A retrospective study published Thursday in the journal Mayo Clinic Proceedings has found children who have more than one surgery with general anesthesia by age 3 may be at higher risk for attention-deficit/hyperactivity disorder (ADHD).
Mayo Clinic researchers examined medical records of 341 children diagnosed with ADHD and compared those who had undergone surgery at early ages to those who had not.
Results of the study indicated nearly 18 percent of children exposed twice or more to anesthesia before age 3 developed ADHD. That rate dropped to 11 percent among children who had only been exposed once, and further still to 7 percent among children who had never been exposed to anesthesia.
I personally find this data quite interesting – however, I wouldn’t say it should be a cause for alarm yet.
It does give me pause to think anesthesia, especially in very young children may pose a potential risk for developmental disorders, such as ADHD. Prior studies in animals have shown exposing rats’ brains to certain anesthetics can increase the rates of nerve cell destruction.
So, it comes to reason with this finding that it is quite important to have a conversation with your physician if you are contemplating surgery for your child.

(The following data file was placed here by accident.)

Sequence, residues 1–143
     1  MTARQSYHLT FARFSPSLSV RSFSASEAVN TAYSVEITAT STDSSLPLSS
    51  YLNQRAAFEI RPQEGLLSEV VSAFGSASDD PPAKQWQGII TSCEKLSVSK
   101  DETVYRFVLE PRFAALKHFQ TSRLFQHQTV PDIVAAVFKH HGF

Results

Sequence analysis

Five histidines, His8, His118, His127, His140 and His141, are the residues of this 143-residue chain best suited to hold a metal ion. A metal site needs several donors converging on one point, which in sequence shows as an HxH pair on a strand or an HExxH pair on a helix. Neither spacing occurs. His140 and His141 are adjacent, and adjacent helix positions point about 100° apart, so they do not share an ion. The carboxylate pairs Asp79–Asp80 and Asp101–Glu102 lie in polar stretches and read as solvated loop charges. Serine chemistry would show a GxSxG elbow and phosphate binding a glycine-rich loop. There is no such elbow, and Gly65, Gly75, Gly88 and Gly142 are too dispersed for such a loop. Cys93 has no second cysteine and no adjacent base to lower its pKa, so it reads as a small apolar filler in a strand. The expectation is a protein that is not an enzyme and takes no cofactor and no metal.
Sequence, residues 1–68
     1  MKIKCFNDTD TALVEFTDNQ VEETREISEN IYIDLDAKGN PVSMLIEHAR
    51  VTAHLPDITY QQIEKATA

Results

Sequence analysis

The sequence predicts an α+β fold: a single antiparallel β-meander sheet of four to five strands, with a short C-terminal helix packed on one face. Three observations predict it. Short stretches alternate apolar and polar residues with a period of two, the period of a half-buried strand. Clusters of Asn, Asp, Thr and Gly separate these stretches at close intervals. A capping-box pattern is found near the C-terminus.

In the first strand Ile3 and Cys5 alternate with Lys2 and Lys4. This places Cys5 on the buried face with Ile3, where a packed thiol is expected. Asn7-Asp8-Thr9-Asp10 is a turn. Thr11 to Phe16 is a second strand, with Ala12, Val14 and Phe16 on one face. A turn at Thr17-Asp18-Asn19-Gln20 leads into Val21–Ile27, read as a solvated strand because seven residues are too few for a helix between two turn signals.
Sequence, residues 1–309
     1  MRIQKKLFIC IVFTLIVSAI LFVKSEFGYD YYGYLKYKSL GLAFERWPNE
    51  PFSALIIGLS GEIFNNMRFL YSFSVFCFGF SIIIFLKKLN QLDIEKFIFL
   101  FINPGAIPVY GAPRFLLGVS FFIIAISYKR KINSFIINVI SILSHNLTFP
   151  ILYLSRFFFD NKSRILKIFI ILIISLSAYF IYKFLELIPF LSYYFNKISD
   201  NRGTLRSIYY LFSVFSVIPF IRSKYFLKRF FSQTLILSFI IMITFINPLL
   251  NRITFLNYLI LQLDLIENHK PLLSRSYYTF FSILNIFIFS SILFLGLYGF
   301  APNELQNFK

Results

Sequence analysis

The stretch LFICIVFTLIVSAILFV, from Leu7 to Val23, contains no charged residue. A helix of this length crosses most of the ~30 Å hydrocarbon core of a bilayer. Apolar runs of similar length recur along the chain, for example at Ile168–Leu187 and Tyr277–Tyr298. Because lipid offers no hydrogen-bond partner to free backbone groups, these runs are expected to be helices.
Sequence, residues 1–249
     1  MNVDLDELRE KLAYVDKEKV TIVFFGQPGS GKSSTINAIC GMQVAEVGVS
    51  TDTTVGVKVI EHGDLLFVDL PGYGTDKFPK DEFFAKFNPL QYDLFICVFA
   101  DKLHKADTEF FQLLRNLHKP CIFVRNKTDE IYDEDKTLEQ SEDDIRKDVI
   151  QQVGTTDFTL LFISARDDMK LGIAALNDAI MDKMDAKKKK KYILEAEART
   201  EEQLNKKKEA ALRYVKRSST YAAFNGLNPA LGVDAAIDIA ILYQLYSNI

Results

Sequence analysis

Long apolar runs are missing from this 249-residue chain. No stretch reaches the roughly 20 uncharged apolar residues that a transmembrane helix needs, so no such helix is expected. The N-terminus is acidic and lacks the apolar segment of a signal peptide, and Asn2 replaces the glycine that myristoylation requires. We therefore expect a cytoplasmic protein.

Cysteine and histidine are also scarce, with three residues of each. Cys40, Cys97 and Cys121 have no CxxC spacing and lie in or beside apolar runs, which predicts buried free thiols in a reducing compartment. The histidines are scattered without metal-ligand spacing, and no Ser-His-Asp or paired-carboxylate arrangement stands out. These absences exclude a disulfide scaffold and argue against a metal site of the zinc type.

Most pediatric surgeries are necessary, but if you look at the list of the most common operations such as tonsillectomies, ear tube surgeries and hernia repairs, you have to make sure that the operation is necessary.
We have also seen in recent articles not relating to this particular study that multiple surgeries for the same problem are seen more and more, and one thing you definitely want to prevent is repetitive surgeries on your child if the outcome is not ideal.
This is why it is important for you not only to consider the implication of pediatric surgery, but also the physician who’s going to perform the surgery. I, for one, plan to keep a close eye on future research published on this topic.
Dr. Manny Alvarez serves as Fox News Channel's senior managing health editor. He also serves as chairman of the department of obstetrics/gynecology and reproductive science at Hackensack University Medical Center in New Jersey. For more information on Dr. Manny's work, visit AskDrManny.com.